By Kate Wright
Sep 30, 2011
Performing artists from the Indonesian Institute of Arts at Surakarta, Central Java visited U-M this fall to celebrate the initiation of a new, formal partnership between the Institute and the University of Michigan’s Center for Southeast Asian Studies (CSEAS). The partnership will provide the framework for more frequent artistic collaboration and increased teaching about Javanese performing arts at U-M.
“This partnership deepens the relationship between our two schools," said Allen Hicken, director of CSEAS. "It will make possible greater and more regular collaborative efforts to bolster those already taking place between our faculty members."
The partnership is supported by Counsel General Beny Bahanadewa of the Consulate General of the Republic of Indonesia in Chicago as well as the Indonesian National Ministry of Education and has been deemed by Bahanadewa as a “wonderful opportunity to strengthen the teaching of Javanese arts and culture at the University of Michigan.”
U-M has a long tradition of focus on the study of Javanese arts, music, and literature through faculty members such as Alton (Pete) Becker (Emeritus, Linguistics), Judith Becker (Emerita, Musicology), Nancy Florida (Indonesian Languages and Literatures), and Susan Walton (Residential College).
Sixteen performing artists, adorned in traditional Javanese “batik,” an elaborately patterned cloth, and royal velvet, performed to sold-out crowds in the new Creative Commons Atelier in U-M’s North Quad on Friday, Sept. 23 and Saturday, Sept. 24, 2011. Their theatrically painted faces represented characters from a variety of traditional stories.
The performances showed the range of Javanese traditional arts, from the tender, slow “Srimpi” court dance to the vigorous “Cakil Bambangan,” which depicts a battle between the hero Arjuna of the Mahabharata and the ogre Cakil, to the complicated masked dance "Sekar Taji."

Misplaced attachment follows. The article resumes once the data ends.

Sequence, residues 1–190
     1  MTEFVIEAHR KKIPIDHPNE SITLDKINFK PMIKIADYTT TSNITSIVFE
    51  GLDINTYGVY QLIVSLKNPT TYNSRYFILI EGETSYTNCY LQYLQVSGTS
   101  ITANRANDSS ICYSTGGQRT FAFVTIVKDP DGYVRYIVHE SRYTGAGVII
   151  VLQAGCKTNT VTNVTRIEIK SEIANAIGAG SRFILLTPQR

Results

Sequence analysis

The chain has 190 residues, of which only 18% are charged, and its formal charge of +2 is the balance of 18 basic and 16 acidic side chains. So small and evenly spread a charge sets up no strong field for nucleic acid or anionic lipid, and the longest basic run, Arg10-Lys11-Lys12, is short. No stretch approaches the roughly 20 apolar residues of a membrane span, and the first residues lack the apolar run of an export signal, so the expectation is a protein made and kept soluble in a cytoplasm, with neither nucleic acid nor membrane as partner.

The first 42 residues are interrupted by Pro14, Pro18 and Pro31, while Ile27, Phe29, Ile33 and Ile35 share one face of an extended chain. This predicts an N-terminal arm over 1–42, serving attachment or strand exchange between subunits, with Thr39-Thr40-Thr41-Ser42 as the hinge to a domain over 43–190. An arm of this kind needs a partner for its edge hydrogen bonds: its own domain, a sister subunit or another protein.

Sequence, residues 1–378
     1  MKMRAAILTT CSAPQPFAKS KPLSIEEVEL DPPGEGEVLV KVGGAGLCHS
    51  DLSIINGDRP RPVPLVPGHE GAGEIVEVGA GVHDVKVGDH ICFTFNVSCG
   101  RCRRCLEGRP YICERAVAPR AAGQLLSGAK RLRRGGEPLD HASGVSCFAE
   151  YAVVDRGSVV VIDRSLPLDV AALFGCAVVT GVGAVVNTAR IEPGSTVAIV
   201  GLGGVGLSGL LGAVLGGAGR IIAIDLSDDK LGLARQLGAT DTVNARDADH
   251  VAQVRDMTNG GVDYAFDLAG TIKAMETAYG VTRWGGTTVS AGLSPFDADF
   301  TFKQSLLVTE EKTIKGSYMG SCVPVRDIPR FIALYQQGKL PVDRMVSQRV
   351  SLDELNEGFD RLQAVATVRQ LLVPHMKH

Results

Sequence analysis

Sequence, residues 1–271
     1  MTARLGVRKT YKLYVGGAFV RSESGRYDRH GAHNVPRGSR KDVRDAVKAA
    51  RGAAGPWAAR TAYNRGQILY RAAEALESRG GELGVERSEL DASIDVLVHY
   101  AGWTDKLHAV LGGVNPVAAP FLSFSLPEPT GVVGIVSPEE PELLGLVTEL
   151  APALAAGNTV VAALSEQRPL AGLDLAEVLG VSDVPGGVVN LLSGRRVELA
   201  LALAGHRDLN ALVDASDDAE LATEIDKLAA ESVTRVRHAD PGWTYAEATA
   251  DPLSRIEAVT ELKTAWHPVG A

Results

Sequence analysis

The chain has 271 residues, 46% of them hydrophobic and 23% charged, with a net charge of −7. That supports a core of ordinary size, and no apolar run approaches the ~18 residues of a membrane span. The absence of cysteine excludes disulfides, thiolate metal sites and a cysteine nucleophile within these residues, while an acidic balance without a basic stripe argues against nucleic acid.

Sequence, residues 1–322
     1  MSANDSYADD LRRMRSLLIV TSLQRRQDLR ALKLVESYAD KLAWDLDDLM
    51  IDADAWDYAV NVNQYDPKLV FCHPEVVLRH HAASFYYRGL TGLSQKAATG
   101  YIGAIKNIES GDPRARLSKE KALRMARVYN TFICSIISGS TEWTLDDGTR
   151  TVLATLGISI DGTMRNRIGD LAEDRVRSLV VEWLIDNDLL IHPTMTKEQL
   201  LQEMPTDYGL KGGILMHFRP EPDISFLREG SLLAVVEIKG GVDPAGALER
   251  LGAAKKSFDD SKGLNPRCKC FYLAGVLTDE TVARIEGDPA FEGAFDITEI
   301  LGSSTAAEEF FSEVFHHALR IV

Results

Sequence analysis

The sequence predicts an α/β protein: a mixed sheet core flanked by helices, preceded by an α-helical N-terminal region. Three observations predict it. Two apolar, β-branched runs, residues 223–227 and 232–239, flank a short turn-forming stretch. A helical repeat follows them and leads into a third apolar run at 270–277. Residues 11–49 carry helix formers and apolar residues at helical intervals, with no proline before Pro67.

The artists also performed a Javanese shadow puppet play, called “wayang.” The episode performed came from the pan-Asian “Mahabharata” epic. Both evenings included gamelan music, as accompaniment to the dances and the wayang, as well as stand–alone musical performances.
The gamelan is an orchestra of bronze gongs originating from Java. The Stearns Collection in the School of Music, Theatre and Dance has owned the U-M gamelan since 1967, and the CSEAS, in collaboration with other units, frequently brings visiting artists to campus both to teach gamelan music and to offer spectacular performances in Javanese artistic traditions at U-M.
Susan Walton, director of the Gamelan Ensemble, called the new partnership between the Indonesian Institute of Arts and CSEAS very welcome. “I believe with this formalized relationship, we will be able to deepen the ties between our two schools, bringing more frequent guest artists to Michigan and sharing Javanese musical cultural with more of the community,” she said. Walton teaches beginning and advanced gamelan at the School of Music, Theatre, and Dance.
The Center for Southeast Asian Studies provides programming and resources on Southeast Asia to the university community. The performances were also supported by the Stearns Collection of Musical Instruments, North Quad Programming, the Department of Asian Languages and Cultures, and the Office of the Vice Provost of Academic Affairs.